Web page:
Delphi 2007 for Win32 SP3

This week I've been a bit sick. Nothing serious, just a nasty cold with the nasty side effect of going through paper tissues like there was no tomorrow.

So, rather than trying really hard to stay focused on debugging tasks at hand when I had to interrupt every 30 seconds to wipe my nose, I decided it was about time to do something I've been wanting to do for a long time and just couldn't afford the time to do it: upgrade my Delphi 2007 SP1 with both the SP3 and the improved help files that were released after that. That's something that doesn't require much concentration and is "compatible" with using paper tissues every 30 seconds...

So, I start by going to the Delphi registered user's downloads and download two files:

Armed with those files, I reset my computer to a ghost file with nothing but Windows XP SP2 + patches + drivers. After a few hours of installing more patches and all the software I use *except* Delphi (a process that is now much faster as I keep many utilities pre-installed on my D:\Utils folder), it was time to tackle the main procedure: Install Delphi 2007 SP3.

So, I start by creating a new ghost image to have a more recent "fall-back" should something fail, and I mount the ISO on a Virtual CloneDrive.

My first impression is not good when I double-click the drive:

Error01 Error02 Error03

I then proceed to open the drive instead and manually click the install file which brings me to this:



Pre-Reqs Disk Space From this point on, everything runs much smoother: I proceed to install the pre-reqs, which I intentionally had not installed before, and then a reboot is in order.

The pre-reqs took an astonishing 2 GB of my C: drive as you can see from the image on the left. After closer scrutiny, you can easily see that it still suffers from the same "bugs" as the original install, namely, caching the same install files in several different places. That's 1.1 GB worth of .NET SDK install files in those two folders marked in the image.

This whole process did complete without any problems and within approximately 10 minutes, after which I had to reboot to proceed with the install.




Delphi Disk Space Then, on to installing Delphi 2007 for Win32 SP3. After inputting my registration data, I selected to install everything available to my PRO SKU, including Rave Reports. The whole process took around 15 minutes and again proceeded with no problems.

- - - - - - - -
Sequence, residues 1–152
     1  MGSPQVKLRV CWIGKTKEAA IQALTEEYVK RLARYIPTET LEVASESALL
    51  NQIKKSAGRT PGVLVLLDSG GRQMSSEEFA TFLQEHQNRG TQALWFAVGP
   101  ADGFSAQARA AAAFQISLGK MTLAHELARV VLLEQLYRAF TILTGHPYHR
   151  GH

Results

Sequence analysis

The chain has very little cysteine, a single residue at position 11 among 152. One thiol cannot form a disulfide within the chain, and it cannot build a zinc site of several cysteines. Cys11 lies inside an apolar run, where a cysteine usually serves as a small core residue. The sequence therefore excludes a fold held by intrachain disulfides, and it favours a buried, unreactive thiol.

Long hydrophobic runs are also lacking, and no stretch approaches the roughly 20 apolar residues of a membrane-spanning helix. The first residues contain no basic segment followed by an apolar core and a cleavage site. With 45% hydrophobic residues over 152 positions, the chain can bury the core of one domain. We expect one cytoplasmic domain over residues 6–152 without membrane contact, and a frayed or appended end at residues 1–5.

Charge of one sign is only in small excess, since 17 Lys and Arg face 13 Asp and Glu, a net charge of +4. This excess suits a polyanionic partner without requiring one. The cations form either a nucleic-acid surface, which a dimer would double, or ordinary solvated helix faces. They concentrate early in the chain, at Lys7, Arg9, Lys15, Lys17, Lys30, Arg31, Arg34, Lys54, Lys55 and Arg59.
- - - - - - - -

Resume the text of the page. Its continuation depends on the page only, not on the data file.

As you can see, Delphi itself, discounting the pre-reqs, requires around 1.5 GB in the Professional Win32 SKU. That's roughly 450 MB for cached install files, 340 MB for help files and 690 MB for CodeGear files in either the program folder or common files.

I could have ran the IDE, but instead I opted for installing the Help Update. The one minor quirk about it, is that you need to go to a command line and type HelpSetup /upgrade. But the upgrade ran smoothly and this time I didn't time it, but it was around 10 or 15 minutes. Not worth another space screenshot as it only differed in a couple MB.


Full space report

Full  Disk Space To the left you can find a FULL disk space report before installing even the pre-reqs and after installing Delphi and the help update. As you can see, that's 3.7 GB worth of stuff, from pre-reqs to cached files to more cached files to the proper program files. Not really an improvement over the original setup, IIRC... However, since I believed that at least 1.1 GB of this can be safely shaved, that's what I'll did next. So, I removed the first of the two folders marked in the Pre-Reqs image above and was surprised to find out that the 2nd one was no longer there. However, the total space used was not consistent with that 2nd folder being removed, so after a quick search, I found out that it had been instead moved into my own Local Settings rather than the All Users' one. That's consistent with the choice I was given of installing for myself only (which I chose), or installing for all users. So, I deleted that 2nd folder and then ran Windows Update to download the latest .NET 2 security updates. As expected, it worked flawlessly, and I don't expect to be running into problems by not having those files around.  Of course, Windows Update doesn't update the SDK itself, so this was not a big test. But if you want to play safe, just burn those two folders to a DVD should they be required at some upgrade point in the future...